Monday, June 04, 2012

You Write Funny One Day



Tell me if you think this is a funny story:


David had dogs growing up.
They lived in the country.
The dogs gave birth.
Using the oven, his mother saved one of the litter.
The first parent dog ran away.
Eventually, the other parent died.


Humor writers are one of the joys of this Earth.

One of the funniest I know of is David Sedaris. I know I'm not the only one who thinks this; he's extremely popular. Reading and listening to his stuff, I had this half-baked idea in the back of my mind that he had a really funny life.

Recently, I got to hear a story he read on one of my favorite podcasts, This American Life. The episode, In Dog We Trust, featured the story, which is from his collection Me Talk Pretty Someday. Here's a bit from the transcript:

"In the early 1960s, during what my mother referred to as "the tail end of the Lassie years," my parents were given two collies, which they named Rastus and Duchess. We were living then in New York State, out in the country, and the dogs were free to race through the forest. They napped in meadows and stood knee-deep in frigid streams, costars in their own private dog food commercial.     Late one January evening, while lying on a blanket in the garage, Duchess gave birth to a litter of slick, potato-sized puppies. When it looked as though one of them had died, our mother placed the creature in a casserole dish and popped it into the oven, like the witch in Hansel and Gretel.     "Oh, keep your shirts on," she said. "It's only set on 150. I'm not baking anyone. This is just to keep it warm."
     The heat revived the sick puppy and left us believing that our mother was capable of resurrecting the dead. Faced with the responsibilities of fatherhood, Rastus took off. The puppies were given away, and we moved south, where the heat and humidity worked against the best interests of a collie. Duchess's once beautiful coat now hung in ragged patches. When finally, full of worms, she collapsed in the ravine beside our house, we reevaluated our mother's healing powers. The entire animal kingdom was beyond her scope. She could only resurrect the cute dead."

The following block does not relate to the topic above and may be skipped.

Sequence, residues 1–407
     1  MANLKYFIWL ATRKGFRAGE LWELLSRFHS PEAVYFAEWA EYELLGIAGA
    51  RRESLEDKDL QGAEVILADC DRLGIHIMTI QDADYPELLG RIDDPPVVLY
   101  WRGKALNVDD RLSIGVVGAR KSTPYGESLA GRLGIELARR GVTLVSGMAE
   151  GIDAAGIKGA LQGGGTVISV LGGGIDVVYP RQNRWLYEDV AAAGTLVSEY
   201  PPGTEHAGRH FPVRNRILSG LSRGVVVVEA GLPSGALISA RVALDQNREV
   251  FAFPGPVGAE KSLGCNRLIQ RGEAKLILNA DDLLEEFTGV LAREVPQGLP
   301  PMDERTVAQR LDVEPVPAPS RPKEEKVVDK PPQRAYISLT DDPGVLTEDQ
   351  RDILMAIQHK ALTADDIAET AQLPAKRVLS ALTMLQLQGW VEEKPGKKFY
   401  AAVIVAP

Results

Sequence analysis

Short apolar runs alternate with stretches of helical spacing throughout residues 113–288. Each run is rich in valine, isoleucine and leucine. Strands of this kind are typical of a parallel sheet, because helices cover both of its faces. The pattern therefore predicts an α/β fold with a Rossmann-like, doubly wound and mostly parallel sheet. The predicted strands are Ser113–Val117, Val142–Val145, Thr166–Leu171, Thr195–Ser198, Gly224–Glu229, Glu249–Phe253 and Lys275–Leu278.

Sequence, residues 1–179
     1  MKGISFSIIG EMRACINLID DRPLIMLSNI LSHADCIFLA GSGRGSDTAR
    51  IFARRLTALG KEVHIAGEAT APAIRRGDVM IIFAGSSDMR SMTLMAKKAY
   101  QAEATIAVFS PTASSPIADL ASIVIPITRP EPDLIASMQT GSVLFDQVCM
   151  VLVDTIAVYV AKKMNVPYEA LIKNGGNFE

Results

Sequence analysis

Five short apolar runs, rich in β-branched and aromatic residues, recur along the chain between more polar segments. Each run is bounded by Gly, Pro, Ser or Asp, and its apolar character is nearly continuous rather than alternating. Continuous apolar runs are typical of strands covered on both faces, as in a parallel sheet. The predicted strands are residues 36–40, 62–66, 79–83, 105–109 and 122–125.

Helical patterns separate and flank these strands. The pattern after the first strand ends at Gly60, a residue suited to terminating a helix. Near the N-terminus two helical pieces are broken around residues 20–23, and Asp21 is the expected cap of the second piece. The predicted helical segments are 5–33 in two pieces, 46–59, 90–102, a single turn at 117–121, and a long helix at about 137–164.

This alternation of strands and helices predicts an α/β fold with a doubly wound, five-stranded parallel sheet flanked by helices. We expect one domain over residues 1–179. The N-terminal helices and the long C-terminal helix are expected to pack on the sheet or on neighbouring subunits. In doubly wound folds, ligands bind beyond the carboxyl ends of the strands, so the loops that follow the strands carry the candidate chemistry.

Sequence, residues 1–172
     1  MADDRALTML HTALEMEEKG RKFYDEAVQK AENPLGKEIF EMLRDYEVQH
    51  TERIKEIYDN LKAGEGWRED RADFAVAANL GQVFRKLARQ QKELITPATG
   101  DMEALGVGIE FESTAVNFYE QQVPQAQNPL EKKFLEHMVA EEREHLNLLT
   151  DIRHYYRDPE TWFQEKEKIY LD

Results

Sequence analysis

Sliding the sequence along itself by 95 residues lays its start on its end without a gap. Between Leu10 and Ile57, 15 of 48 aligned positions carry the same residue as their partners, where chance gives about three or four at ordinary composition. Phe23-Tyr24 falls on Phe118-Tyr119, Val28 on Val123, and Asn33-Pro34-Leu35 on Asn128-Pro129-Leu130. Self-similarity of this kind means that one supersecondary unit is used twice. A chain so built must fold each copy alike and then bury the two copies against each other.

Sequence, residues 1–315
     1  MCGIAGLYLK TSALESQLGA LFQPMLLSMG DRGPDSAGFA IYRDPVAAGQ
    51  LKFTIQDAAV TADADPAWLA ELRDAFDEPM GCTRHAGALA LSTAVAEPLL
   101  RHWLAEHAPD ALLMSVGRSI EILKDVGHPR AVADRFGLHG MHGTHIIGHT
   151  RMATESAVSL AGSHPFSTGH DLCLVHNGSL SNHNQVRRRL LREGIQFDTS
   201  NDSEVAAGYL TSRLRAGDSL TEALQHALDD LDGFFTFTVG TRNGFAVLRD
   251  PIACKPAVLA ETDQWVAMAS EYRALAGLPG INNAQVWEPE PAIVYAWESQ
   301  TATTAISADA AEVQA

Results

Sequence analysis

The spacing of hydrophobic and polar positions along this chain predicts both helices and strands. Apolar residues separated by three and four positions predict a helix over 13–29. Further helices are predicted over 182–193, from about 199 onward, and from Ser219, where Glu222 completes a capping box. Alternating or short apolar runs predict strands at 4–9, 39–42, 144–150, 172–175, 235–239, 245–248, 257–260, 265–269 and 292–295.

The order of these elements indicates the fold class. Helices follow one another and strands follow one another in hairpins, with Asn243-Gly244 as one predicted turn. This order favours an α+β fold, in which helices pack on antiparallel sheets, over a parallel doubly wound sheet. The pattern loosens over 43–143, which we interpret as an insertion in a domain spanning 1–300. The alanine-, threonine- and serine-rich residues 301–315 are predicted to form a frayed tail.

Funny, right?

If you want to hear the story, or indeed the whole episode, which is wonderful, check it out here (it's about an hour long). I'll wait:

Sedaris's Storyhttp://www.thisamericanlife.org/radio-archives/episode/154/in-dog-we-trust?act=1
The Whole Episode: http://www.thisamericanlife.org/radio-archives/episode/154/in-dog-we-trust

This time, listening to Sedaris, I tried to really pay attention. Did he have an extraordinarily funny life, or was it just his talent to write in a funny way about things that could happen to everyone?

For the most part it's the latter, and this is good news for you.

Take a look at the bit above. What are the facts?

He had dogs growing up.
They lived in the country.
The dogs gave birth.
Using the oven, his mother saved one of the litter.
The first parent dog ran away.
Eventually, the other parent died.

Not funny at all. In fact, it sounds kind of sad, and a normal person might never think that this might be good fodder for a funny story. But Sedaris makes it hilarious.

This is cause for hope for aspiring writers. Key to writing funny stories (be they in novels, short stories, blog entries, dinner conversations, tweets, or facebook status updates) is finding a funny angle on something that probably felt unfunny when it happened.

Now, if you are a writer or hope to be one, you might start doing things because they will make a good story. I try to do this now too, and I bet Sedaris did as well.

But even without an outrageous life, you can make it funny for your readers. Good luck.

Pictured: English Cocker Spaniel Puppy. From Wikimedia Commons.

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